What is a SSL Certificate?

Privacy is the big pillar that most companies, governments and businesses are talking about in todays always-online society. We want to take a few moments to answer a question that we are hearing from small business owners more and more: What is an SSL certificate?


A little history

SSL certificates as we know it all began in 1994, when Netscape adopted this type of secure communication to create a secure path between sender and receiver. Secure communications for most large agencies, including government bodies was a large focus of attention as the world slowly started to stumble onto the internet. For a more detailed history of how SSL certificates, and the encrypted keys they transmit came to be, a quick google search in Wikipedia will give you an ample afternoon of reading.


So what exactly is an SSL certificate?

An SSL certificate is a grouping of small data files. These data files will bind a key to a website and the organization’s identity. Essentially, it confirms that the website is who they say they are. When an SSL certificate is activated on a website, your connection, or your customers connections are secure and protected.

Companies and organizations need to install these certificates onto web servers to initiate secure sessions with web browsers like Chrome, Safari, Mozilla etc.


Why should I have an SSL certificate?

To put it simply: it provides a secure and reliable private connection for your clients.

If you’re a company that wants to keep your data secure, increase your Google rankings (more on this in another post!), enhance the trust you receive from clients and customers, keep your customers credit card information secure, login details hidden, or anything that is sensitive, you should have one installed on your site.


Let’s install an SSL Certificate!

We like where your head is at but let’s take one tiny and important step back for a second. Did you know there are multiple types of certificates based on the activities of your site?

Depending on the goal of your website, you may not need the most advanced and most expensive SSL certificate available.


What types of SSL Certificates are there?

A padlock beside the URL (typically to the left) will appear on sites with SSL certificates. In EV SSL Certificates, you can click on these padlocks to see if your entire connection is secure or not.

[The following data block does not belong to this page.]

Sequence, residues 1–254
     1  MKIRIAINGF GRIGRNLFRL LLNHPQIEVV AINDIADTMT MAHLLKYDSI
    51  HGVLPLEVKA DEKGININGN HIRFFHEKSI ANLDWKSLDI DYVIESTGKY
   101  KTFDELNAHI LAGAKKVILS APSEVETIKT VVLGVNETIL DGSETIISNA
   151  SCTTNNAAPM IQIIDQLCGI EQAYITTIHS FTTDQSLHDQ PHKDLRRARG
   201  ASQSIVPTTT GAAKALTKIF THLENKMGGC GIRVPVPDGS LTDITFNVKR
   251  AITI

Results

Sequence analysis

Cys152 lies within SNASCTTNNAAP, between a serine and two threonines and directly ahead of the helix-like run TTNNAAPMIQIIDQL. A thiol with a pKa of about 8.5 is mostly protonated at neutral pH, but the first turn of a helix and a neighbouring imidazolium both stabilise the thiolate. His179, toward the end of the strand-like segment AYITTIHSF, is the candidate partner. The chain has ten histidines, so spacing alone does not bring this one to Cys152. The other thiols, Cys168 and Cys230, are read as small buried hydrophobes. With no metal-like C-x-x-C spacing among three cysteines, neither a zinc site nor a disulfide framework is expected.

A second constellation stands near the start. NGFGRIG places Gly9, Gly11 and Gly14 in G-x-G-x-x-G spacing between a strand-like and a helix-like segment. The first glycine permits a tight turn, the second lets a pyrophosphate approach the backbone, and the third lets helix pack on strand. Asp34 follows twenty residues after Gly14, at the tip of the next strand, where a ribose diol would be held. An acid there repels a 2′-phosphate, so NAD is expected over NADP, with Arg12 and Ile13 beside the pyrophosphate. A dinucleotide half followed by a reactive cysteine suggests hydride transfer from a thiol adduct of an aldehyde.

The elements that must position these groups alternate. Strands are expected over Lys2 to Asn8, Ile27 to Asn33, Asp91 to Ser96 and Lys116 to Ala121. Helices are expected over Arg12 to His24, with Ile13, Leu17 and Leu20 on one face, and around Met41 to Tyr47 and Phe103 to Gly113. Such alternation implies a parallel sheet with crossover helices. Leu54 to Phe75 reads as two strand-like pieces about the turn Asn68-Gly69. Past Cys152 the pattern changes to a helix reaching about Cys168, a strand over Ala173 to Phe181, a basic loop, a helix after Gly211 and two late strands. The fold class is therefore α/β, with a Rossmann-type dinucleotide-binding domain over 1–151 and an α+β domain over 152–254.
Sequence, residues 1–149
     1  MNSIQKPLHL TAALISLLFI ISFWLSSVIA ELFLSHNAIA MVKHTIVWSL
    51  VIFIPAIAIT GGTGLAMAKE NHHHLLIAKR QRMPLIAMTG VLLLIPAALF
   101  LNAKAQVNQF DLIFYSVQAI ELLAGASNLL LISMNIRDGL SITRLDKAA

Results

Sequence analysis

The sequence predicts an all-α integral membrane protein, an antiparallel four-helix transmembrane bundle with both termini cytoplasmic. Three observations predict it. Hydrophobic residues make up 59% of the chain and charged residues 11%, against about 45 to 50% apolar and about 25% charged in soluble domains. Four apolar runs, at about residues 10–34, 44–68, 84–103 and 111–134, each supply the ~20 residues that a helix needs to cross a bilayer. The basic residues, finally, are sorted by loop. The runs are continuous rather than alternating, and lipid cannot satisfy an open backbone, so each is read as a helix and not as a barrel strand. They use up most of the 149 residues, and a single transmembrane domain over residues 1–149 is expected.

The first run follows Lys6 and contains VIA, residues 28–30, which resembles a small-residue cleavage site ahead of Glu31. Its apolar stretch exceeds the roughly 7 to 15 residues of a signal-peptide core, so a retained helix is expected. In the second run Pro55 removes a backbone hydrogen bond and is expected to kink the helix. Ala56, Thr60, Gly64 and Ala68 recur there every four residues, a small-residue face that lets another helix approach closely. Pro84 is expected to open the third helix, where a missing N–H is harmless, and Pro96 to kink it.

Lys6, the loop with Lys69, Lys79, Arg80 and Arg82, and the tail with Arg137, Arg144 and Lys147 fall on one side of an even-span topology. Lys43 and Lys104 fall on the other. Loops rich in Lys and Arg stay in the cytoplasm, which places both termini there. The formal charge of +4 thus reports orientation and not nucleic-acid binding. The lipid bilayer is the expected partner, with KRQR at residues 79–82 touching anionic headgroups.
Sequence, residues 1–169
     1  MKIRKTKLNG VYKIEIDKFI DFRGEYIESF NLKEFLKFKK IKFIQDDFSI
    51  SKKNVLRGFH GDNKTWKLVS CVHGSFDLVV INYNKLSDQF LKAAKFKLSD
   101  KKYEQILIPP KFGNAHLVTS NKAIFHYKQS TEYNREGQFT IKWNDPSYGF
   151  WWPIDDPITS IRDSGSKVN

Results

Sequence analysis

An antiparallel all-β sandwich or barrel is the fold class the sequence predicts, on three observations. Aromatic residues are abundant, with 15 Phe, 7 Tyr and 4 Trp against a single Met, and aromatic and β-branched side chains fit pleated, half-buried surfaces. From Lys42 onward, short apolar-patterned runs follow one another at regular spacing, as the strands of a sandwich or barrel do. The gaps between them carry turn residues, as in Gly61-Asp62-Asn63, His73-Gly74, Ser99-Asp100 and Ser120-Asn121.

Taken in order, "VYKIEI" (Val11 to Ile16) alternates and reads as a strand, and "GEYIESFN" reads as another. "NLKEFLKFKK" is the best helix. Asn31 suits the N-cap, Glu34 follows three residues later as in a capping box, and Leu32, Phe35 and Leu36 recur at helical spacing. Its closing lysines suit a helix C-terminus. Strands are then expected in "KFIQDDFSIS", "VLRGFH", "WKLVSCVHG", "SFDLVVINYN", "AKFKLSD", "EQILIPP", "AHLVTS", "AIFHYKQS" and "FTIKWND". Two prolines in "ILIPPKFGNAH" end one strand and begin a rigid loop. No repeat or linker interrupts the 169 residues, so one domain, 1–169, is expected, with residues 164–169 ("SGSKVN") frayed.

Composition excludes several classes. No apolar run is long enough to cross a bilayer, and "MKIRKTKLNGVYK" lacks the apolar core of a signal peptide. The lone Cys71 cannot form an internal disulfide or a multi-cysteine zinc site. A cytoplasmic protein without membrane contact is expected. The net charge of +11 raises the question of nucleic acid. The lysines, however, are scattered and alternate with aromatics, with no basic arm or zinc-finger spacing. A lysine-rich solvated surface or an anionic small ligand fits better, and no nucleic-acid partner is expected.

The types of SSL Certificates are:

  • Extended Validation (EV SSL) Certificates
  • Organizational Validated (OV SSL) Certificates
  • Domain Validated (DV SSL) Certificates

We are only going to touch on the type of SSL that is most scrutinized for acceptance, and the one that is the best fit for most small businesses.


1. Extended Validation (EV) SSL Certificates

Take a look at the images above. Both taken from a Safari browser, but Chrome will act int he same way. I’ve used GlobalSign.com to demonstrate an EV SSL Certificate.

An EV SSL Certificate has the highest level of scrutiny on the whole. This certificate verifies legal, physical and operational existence, that the identity and entity match official records, and that the domain has the only rights to use the domain specified.

For most businesses owners, this is overkill, and even websites like amazon.ca don’t place this burden on itself. But let’s talk about what Amazon and most other sites DO use.


2.Domain Validated (DV SSL) Certificates

The DV SSL Certificates are a cost effective solution for small businesses who don’t take payments on their website. For example:

#1 – Jody has a website that sells yoga classes, but when new customers go to sign up, they are linked to an external site to pay.

#2 – Keith has a website that sells furniture, and lists all the products on his site. When a customer wants to purchase furniture they must contact Keith, or a link directs them to a payment terminal outside of the website (like, Stripe, PayPal, etc).

In both of these examples, the payment processor is not on the website. Most scheduling and payment plugins that extend to other sites acquire their own SSL certificates.

If you plan to take payments on your website directly, and you do not use a site like Squarespace that offers SSL included, you will need to move up your certification to a tier higher to ensure the type of encryption and trust is present.

Even if you don’t sell anything or transmit sensitive information on your site, adding a free public SSL is a great way to boost your authority with Google, and provide peace of mind for your users.

We can help with that!


So now I’m ready, how do I install an SSL certificate?

If you don’t have someone managing your website, like Pibeca Solutions, we recommend going this way:

  • If you’re on WordPress, contact your web hosting company: In most cases your web hosting company has support on staff to help you obtain and install SSL Certificates in a no hassle fashion.
  • If your website is only focused on selling products, consider using Shopify, Etsy, Squarespace or any e-commerce focused web-platform. You will have certificates built into your website that is acceptable for Google and consumer trust!


The world of SSL certificates can seem very confusing, but the main take away is that SSL Certificates provide a way to ensure that the communication between the web-site and the end user is encrypted, secure and safe. 

We hope this has helped see the importance of SSL certificates. If you need your website updated to include SSL certification, we can help! Reach out to us on our contact page. 

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